Central Retinal Vein Occlusion
A central retinal vein occlusion is an obstruction or blockage of the main vein of the retina, in the back of the eye. The blockage usually occurs from a small blood clot, and could be described as a “stroke” in the eye. You may recall that arteries bring fresh nutrients and oxygen rich blood to the tissues, and that veins drain away that oxygen- and nutrient-depleted blood back to the heart. While blood flow into the eye is important, blood flow out is equally important to maintain circulation. When outflow is blocked, as in a retinal vein occlusion, the blood has no place to go and “backs up”, damaging the blood vessel walls. Without a way for the blood to flow out of the eye, the blood vessels rupture and bleed into the retina. The damaged veins also leak clear fluid into the retina, making it wet and swollen.
This tends to mostly affect the center of the retina, and is known as macular edema. This back-up of flow is similar to what would occur if a tourniquet were kept in place on an arm for too long. Retinal function is impaired by this bleeding and swelling. The degree of visual loss will depend on how extensive the blockage is. The loss of vision may be significant.
Depending on the extent of the blockage, your vision may improve, worsen, or remain the same. Vein occlusions can occasionally be complicated by growth of abnormal blood vessels, which can result in bleeding into the vitreous jelly of the eye or a severe type of glaucoma called neovascular glaucoma. Careful follow up examinations may help allow early detection and treatment of these potential complications.
A special in office test, called a fluorescein angiogram, may be used to help confirm the diagnosis or guide treatment. This test involves injection of a colored vegetable dye into an arm vein to allow us to examine the retinal circulation. Photographs taken with a special camera document the test. The angiogram is valuable because it will demonstrate the extent of diseased retina, and even reveal hidden damage, providing critical information for both treatment and predicting visual recovery.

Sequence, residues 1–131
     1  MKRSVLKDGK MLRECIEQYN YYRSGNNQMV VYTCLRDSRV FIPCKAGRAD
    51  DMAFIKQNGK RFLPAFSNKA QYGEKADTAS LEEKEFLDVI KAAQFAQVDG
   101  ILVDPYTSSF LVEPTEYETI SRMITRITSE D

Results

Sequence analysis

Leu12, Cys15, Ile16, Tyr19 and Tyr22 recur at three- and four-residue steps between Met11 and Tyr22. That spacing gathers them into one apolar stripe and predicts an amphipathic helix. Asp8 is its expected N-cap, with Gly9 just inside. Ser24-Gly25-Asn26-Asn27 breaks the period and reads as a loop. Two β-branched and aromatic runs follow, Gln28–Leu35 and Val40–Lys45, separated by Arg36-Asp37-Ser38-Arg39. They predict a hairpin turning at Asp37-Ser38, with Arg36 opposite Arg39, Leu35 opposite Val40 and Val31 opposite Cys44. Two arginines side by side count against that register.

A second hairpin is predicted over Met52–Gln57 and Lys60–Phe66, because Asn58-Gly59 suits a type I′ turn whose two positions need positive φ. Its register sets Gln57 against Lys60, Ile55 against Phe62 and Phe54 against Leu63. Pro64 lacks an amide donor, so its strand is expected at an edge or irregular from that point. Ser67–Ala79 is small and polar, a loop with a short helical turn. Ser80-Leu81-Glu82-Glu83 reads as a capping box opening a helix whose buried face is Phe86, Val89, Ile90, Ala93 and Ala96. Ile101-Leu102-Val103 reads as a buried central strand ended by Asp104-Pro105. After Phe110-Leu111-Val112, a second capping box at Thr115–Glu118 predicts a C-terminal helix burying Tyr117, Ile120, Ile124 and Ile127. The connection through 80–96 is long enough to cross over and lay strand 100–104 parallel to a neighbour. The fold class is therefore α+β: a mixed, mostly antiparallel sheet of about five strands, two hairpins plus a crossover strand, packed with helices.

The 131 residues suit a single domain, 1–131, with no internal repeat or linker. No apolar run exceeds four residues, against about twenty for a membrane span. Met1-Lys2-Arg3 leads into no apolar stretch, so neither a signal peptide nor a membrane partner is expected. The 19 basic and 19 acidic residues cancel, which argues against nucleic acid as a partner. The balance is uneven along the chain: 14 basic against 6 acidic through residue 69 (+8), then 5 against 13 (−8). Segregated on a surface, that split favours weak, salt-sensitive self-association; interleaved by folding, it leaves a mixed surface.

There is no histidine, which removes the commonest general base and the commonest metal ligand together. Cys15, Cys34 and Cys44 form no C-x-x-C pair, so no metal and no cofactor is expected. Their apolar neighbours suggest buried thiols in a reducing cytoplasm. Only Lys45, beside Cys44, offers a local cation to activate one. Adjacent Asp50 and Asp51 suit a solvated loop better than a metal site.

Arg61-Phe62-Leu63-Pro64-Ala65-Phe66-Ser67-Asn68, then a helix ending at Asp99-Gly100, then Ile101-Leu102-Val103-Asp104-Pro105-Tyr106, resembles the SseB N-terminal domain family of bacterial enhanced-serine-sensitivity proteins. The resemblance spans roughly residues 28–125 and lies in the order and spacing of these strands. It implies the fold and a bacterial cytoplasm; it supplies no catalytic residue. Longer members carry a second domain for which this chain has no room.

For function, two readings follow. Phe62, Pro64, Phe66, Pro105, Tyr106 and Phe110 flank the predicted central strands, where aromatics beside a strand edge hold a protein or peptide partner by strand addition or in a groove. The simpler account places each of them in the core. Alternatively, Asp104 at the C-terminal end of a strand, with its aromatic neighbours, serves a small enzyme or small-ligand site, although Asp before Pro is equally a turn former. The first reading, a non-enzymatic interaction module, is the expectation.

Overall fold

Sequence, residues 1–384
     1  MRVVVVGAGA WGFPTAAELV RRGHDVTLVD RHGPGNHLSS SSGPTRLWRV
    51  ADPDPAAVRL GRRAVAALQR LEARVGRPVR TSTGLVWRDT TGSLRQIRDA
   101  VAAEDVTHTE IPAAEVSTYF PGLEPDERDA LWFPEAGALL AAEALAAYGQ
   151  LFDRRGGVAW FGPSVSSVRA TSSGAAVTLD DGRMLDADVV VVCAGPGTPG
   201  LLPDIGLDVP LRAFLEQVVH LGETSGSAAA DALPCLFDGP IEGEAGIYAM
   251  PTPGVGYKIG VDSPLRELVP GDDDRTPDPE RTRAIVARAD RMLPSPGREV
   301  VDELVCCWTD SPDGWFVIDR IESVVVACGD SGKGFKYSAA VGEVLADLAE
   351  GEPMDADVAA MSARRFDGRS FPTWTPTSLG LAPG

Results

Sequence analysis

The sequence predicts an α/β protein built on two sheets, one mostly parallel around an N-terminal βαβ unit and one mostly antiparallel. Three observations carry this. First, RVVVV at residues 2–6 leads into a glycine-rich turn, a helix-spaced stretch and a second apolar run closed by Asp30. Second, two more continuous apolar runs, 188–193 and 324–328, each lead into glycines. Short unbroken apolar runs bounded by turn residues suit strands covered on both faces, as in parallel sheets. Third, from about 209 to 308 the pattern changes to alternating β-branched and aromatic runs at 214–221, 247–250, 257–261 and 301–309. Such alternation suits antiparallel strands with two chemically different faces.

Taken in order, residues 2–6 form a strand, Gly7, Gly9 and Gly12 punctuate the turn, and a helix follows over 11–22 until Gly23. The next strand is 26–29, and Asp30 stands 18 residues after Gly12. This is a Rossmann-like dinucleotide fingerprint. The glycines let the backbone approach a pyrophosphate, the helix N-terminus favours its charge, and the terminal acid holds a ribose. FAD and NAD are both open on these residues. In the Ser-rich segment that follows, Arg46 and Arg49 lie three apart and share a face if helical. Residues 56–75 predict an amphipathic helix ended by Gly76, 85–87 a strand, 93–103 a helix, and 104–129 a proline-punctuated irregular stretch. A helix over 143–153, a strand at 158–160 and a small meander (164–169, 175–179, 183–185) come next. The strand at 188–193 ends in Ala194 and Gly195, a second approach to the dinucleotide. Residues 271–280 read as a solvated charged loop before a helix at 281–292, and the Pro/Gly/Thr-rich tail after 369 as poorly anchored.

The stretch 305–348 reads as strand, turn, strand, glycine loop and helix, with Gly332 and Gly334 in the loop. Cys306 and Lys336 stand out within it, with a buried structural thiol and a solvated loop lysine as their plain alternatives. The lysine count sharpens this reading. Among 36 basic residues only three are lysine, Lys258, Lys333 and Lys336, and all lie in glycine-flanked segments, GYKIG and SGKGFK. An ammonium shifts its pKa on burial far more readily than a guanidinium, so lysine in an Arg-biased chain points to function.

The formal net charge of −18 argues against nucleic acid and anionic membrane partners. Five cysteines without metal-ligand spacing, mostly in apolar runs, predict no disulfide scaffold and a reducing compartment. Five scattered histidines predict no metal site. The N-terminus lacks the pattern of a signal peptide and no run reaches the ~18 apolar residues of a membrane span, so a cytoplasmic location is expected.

This is sometimes treated by injecting various medications into the eye, including steroids and vascular endothelial growth factor inhibitors.
For those more serious cases where abnormal vessel growth occurs, laser eye surgery may be utilized. In those rare eyes with bleeding into the vitreous that fail to respond to laser treatment, vitreous surgery may be needed to remove the blood.
Certain medical conditions increase the risk of developing these blood vessel blockages. The most common include commonly hypertension (high blood pressure), diabetes, or atherosclerosis (hardening of the arteries, and especially carotid artery narrowing).
Therefore, referral to your general medical doctor for reevaluation of these conditions is essential. Recognition and control of these medical conditions may prevent these blood vessel blockages from recurring in this eye, the other eye, or elsewhere in the body.